The plight of Bahraini women prisoners have come to light in some tweets by their relatives or human rights activists. It paints harrowing pictures of Alkhalifa torture dungeons, with freedom to torture, abuse and snatch victims at will. Yousuf Al Mahafdha highlighted the agony of a young Bahraini female activist, Zahra Al Sheikh, 23 years, who has spent several months in hiding fearing for her life after she had been summoned for another round of torture. She was detained last year and her experience is highlighted by the Al Mahafdha’ tweets. She had been beaten up severely on various parts of her body, pictured as she was strip-naked and had toilet brush cleaner stuffed in her mouth. After her release she attempted to register at the University but was sentenced to one year in prison for trumpeted charges. Having experienced the horrors of the dungeons, Zahra went into hiding where she has remained for the past six months. Another experience of women behind bars is th at of Zainab Al Khawaja, detained for criticising Alkhalifa dictatorship. Her mother, Khadija Al Mousawi, wife of the internantionally-renouned human rights activis, spoke of her agony at what her eldest daughter, Zainab, is going through behind bars. In her first visit for six months, Zainab narrated harrowing details of how female prisoners are abused and denied the most basic of rights.
These facts have, themselves, become major hindrance in the way of any attempt by Alkhalifa to gain any form of popular legitimacy. Despite the recent reverses in the political democratic experience, Bahrainis will never again embrace the Alkhailfa as rulers. The ill-treatment of Bahraini prisoners is of such magnitude that all threads between Bahrainis and Alkhalifa have been severed. The status quo may continue but no reconciliation is possible without full power returned to the people. This is made worse by the continuing crackdown against Bahraini people and residential areas.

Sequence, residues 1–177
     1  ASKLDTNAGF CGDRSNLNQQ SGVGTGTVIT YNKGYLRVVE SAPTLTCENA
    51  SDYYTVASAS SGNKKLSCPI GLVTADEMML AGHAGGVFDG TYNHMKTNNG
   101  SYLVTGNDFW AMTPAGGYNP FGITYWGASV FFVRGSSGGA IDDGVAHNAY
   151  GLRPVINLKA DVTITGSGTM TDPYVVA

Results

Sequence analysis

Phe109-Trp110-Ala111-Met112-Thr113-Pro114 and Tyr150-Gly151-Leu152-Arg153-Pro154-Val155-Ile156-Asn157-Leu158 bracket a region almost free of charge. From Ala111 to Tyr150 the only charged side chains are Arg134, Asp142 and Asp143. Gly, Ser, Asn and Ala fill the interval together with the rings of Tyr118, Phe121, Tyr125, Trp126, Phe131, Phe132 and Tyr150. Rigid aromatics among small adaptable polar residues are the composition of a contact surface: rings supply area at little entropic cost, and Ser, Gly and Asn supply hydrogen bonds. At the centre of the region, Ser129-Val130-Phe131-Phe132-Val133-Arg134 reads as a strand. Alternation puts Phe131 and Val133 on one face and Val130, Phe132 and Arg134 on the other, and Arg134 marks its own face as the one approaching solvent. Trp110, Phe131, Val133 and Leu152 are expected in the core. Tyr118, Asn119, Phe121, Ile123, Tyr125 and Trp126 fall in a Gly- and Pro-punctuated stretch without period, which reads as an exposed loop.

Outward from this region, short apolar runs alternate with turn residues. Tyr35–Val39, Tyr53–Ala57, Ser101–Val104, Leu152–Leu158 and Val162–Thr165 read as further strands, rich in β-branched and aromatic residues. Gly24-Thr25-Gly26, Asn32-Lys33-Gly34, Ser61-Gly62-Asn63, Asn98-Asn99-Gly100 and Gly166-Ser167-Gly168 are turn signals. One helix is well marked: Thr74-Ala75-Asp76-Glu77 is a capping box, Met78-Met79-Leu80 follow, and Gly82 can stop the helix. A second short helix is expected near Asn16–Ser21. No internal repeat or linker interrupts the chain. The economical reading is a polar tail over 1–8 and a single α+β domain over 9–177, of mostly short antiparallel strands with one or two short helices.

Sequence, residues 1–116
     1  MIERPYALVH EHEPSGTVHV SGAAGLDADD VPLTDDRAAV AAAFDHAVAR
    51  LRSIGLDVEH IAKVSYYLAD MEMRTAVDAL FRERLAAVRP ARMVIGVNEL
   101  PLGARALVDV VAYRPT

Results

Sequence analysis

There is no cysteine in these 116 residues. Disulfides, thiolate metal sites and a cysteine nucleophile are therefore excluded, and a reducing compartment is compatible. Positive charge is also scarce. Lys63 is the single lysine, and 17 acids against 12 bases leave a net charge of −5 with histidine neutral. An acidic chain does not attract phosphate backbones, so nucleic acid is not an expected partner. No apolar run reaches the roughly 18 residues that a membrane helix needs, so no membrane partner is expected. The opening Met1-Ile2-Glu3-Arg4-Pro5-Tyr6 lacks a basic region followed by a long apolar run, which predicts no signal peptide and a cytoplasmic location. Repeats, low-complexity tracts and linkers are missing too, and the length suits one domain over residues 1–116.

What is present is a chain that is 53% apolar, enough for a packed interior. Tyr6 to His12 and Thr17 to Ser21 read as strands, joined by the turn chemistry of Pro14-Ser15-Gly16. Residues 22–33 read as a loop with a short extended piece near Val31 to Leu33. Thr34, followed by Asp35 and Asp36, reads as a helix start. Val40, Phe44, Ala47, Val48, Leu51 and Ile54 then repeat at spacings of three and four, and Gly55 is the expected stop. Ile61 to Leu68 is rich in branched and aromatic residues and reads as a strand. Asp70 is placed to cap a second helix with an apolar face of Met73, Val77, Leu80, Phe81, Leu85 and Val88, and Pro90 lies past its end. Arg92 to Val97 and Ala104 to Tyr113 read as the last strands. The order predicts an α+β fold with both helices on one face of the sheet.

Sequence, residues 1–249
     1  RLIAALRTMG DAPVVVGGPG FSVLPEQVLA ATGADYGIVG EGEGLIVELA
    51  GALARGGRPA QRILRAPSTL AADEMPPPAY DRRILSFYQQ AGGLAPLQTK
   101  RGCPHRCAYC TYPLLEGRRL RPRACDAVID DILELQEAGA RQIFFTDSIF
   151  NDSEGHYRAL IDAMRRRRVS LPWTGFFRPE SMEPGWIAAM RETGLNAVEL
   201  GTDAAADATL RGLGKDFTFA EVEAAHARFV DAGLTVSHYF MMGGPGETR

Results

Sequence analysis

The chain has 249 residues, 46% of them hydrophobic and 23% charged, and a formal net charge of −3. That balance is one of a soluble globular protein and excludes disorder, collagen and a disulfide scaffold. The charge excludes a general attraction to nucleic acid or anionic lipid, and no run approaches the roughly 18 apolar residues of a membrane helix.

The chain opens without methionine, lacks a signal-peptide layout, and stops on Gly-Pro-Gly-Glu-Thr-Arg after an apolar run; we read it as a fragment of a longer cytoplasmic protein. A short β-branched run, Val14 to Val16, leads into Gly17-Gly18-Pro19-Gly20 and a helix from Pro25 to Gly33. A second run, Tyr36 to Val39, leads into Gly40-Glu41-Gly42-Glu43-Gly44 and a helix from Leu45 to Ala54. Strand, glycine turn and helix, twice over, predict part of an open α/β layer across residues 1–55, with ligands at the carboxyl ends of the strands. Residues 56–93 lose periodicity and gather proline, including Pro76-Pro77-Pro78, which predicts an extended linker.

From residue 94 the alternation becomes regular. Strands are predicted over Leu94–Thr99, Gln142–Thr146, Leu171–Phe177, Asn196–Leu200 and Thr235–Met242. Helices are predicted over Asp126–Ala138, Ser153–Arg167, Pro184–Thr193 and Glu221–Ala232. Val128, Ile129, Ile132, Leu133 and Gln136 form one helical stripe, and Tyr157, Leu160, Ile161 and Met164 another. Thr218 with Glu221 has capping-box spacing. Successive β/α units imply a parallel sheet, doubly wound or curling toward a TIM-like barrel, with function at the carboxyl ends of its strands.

Today, the father of the first martyr of the Revolution was snatched from his home by hooded members of Alkhalifa-run Death Squads. Earlier this year, Jawad Al Sheikh, the father of Ali Al Sheikh who was killed on Eid Day two years ago, was detained for 50 days for demanding that his son’s killers be brought to justice. Many Bahrainis have been snatched from their homes or the streets and taken to secret locations where they are subjected to severe forms of torture. This morning nine people from Muharraq were detained; Abdulla Al Sayegh, Yousuf Zainal, Ashraf Ghuloom, Omran Amiri, Hassan Al Sakran, Mahdi Kalzaman, Hassan Al Sayegh and Moosa Al Hayki. Many houses were raided over the past week. In Juffair, Nu’aim and Sitra properties were damaged and children horrified.
Protests and demonstrations have continued unabated despite the horrific actions by the regime’s terror machine. Manama was the scene of a protest in which tens of people took part today. Other places also witnessed protests including Daih Town. Tomorrow, there will be large protest by the political societies demanding real change in the country.
Yesterday, 21st August, The Bahrain team at Amnesty International, issued an Urgent Action on behalf of Nafeesa al-‘Asfoor, a mother-of-two, who was arrested along with Rayhana al-Mousawi on 20 April as they were peacefully protesting near the Formula One Grand Prix circuit in Manama. They are both to be tried, have been tortured and Nafeesa al-'Asfoor is being denied the medical care she requires. The team urged people to write to the authorities calling for providing the two women with adequate medical treatment, release them immediately and arrange for impartial investigation into allegations of torture and other forms of abuse.
Bahrainis were grateful to Janet Salmon, is a consultant, writer and activist, who wrote to the Guardian yesterday about the situation in Bahrain. She said: In all the coverage of David Miranda's detention for nine hours at Heathrow, there was no mention of the journalists detained in Bahrain before the banned 14 August independence day marches. Among them was Mohammad Hassan Sudayf, a blogger who helped foreign journalists. He was arrested on 31 July, tortured and detained for 45 days. His lawyer, Abdul Aziz Moussa, who commented on the torture after seeing him on 8 August, was sentenced to seven days and his licence may be withdrawn.
A photographer, Hussain Hubail, was picked up separately at Manama airport on 31 July, leaving for Dubai. He was tortured and also detained for 45 days. So while I have sympathy for the Brazilian, I would like to see the Guardian and other international papers support the Bahrainis who have put their lives at risk to get out the news. Attacks on a free press are important, whether they are westerners or Arabs, but the latter tend to get ignored.
Bahrain Freedom Movement
22nd August 2013